Anything can be an idol. Here I do not mean totems, statues, or images that hold a sense of deep spiritual vitality in other faiths. I mean a thing without vitality. I mean anything we cling to that is cold and unresponsive. Anything we worship that is not bringing us closer to holiness or peace or who we want to be. The things we are addicted to that hurt us and yet–we worship them or are controlled by them. A substance can be an idol. A relationship can be an idol. And more classically, obviously faith can be an idol, especially when it’s used as a weapon to control others. And now my fear of comforting faith, my desire to be rational was its own idol. Who was served by my sudden need to “tough it out” theologically?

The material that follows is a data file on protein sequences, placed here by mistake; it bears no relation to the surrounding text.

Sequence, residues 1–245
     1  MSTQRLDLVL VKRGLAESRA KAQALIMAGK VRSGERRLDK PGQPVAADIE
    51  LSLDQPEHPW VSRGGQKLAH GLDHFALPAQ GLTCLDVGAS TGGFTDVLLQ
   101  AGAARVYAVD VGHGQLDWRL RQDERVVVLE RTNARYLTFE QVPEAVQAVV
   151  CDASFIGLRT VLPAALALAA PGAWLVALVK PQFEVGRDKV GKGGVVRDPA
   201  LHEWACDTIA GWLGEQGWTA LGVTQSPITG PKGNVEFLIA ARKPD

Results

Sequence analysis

Rabbi Marjorie also reminded me that Judaism has long had a vibrant secular tradition along with the religious. “But,” she said, “we have perhaps never fully recovered from the aggressive pressures of modernity to prove that we are rational.” This gave broader meaning to my struggle. I thought of the enduring legacies of early modernity that may have animated my hesitation to embrace Jewish spiritual practices that aren’t rational per se. Of the deeply ingrained, often bad-faith demands from a dominant European power structure that groups deemed not sufficiently “civilized” must prove their rationality in order to survive. The alternative was worse when this structure deemed groups – or entire races – incapable of rationality and deserving only of domination by military force, colonization, and genocide.